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The Egerton papyrus has a version of Jesus's healing of the leper that adds further information at the beginning and end:

Egerton 1 recto (35) -- And behold, a leper came, saying, “Rabbi Jesus, I traveled with lepers and ate with them at the inn, and then I became a leper myself.”

Mark 1:40 (WEB) -- A leper came to him, begging him, kneeling down to him, and saying to him, “If you want to, you can make me clean.” Being moved with anger,* he stretched out his hand, and touched him, and said to him, “I want to. Be made clean.” When he had said this, immediately the leprosy departed from him and he was made clean. He sternly rebuked him and imme- diately threw him out, and said to him, “See that you say nothing to anybody, but go show yourself to the priest and offer for your cleansing the things which Moses commanded, for a testimony to them.”

Egerton 1 recto (47) “...and don’t keep messing up [my conjectural translation of Μηκέτι ἁμάρτανε].”

It's tempting to interpret the Egerton papyrus's prolog as preserving a record of a stage in the evolution in the understanding of disease, from the tanakh's idea that leprosy was a punishment from God to something more like our modern concept of infectious disease. (Assuming "anger" rather than "compassion" is correct, then on this reading, Jesus still has plenty of possible reasons to be annoyed with the leper.)

The Egerton papyrus's epilog is also consistent with this, since ἁμαρτάνω has the basic meaning of throwing a missile such as a spear and missing the target. This basic meaning can be expanded so that it means making a mistake in general, and I guess it's also the only word available in koine for expressing the notion of sin. So on my conjectural reading above, Jesus is simply telling the leper to stop making the mistake of exposing himself to a communicable disease, which the tanakh clearly warns is a bad idea.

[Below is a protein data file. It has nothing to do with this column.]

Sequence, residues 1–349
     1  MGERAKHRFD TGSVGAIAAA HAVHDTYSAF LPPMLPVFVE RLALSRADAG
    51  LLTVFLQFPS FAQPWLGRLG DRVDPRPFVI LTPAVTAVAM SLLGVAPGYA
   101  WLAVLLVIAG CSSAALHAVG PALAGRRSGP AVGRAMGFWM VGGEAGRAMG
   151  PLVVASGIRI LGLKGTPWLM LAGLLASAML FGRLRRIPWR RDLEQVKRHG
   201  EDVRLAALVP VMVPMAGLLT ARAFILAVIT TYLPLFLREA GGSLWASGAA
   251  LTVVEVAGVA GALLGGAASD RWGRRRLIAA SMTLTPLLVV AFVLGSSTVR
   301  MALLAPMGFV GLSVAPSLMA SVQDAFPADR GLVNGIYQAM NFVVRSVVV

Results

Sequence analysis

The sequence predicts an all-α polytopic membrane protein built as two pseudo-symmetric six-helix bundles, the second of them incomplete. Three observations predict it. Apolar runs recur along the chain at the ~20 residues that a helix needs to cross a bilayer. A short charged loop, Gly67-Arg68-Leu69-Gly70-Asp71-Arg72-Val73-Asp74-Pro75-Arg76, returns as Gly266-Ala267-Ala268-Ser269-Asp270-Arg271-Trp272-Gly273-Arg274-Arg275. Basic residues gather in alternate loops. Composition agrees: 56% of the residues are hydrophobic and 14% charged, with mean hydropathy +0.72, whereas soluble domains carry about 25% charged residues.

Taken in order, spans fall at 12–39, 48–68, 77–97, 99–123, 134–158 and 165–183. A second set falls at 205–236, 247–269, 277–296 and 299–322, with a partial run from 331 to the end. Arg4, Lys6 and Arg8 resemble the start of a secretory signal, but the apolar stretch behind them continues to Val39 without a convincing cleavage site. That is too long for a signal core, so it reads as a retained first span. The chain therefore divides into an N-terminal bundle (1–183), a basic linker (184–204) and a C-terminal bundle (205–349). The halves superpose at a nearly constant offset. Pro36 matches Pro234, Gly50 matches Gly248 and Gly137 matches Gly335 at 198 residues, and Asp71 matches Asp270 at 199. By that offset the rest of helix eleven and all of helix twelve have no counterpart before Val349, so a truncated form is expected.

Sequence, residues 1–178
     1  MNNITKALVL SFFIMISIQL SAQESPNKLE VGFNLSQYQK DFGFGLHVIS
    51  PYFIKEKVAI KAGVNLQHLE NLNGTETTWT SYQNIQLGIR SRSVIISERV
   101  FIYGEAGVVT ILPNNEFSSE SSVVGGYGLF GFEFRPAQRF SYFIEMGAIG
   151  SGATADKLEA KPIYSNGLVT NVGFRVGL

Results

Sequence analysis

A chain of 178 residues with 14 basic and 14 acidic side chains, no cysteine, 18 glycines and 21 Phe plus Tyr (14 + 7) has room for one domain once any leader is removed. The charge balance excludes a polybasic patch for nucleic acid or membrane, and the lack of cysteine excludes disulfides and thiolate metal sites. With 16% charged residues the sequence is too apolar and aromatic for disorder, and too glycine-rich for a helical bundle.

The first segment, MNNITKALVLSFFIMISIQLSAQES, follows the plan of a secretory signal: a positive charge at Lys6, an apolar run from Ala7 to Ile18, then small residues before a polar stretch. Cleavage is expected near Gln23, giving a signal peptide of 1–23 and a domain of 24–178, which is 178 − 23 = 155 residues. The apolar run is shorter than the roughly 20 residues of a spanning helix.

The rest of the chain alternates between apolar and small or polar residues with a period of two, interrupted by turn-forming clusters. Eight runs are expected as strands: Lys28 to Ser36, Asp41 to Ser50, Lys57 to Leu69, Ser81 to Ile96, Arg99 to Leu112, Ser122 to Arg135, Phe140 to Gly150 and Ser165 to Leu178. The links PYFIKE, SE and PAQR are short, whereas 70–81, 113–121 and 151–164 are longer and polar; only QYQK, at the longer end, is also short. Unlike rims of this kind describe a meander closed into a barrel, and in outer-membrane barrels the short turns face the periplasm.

This reading would become less tenable if phrases like "sin no more" and "your sins are forgiven" had clear Hebrew models in which a transgression was described using a different word than other kinds of mistakes.

Question: are there such Hebrew models (perhaps spoken by God) that are clearly the basis for Jesus's blessings and imprecations, making my reading untenable? Or are these two phrases characteristic of Jesus?

The latter phrase, e.g., in Mark 2:5, is ἀφίενταί σου αἱ ἁμαρτίαι. Again we have a person who has been cured of what we would today think of as a physical affliction, and again Jesus cures the person and talks to them about sins/mistakes. Mark is consistent in both cases by not providing a case history of how the person came to be afflicted or having Jesus show any interest in what the actual sins/mistakes were. Interestingly, the verb ἀφίημι also has a basic meaning relating to missiles (LSJ) -- to launch a missile -- but by extension (when referring to an object) to drop it or get rid of it. So on a blind translation using just the first-listed LSJ definitions, ἀφίενταί σου αἱ ἁμαρτίαι would be "your bad aiming of missiles is launched," which is obviously word salad. A more reasonable reading would be something more like "your mistakes are dumped in the garbage." LSJ does give a definition of ἀφίημι that is legal, meaning to drop a charge or punishment, so we could say "your mistakes are dropped, disposed of."

*WEB has "compassion."

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  • I am not sure if this question even belongs here. The Egerton papyrus has so many questions surrounding it that that cannot be answered. All we do know at present is that (1) it is not part of the Bible, and (2) it comes from about the end of the 2nd century.
    – Dottard
    Feb 27 at 20:48

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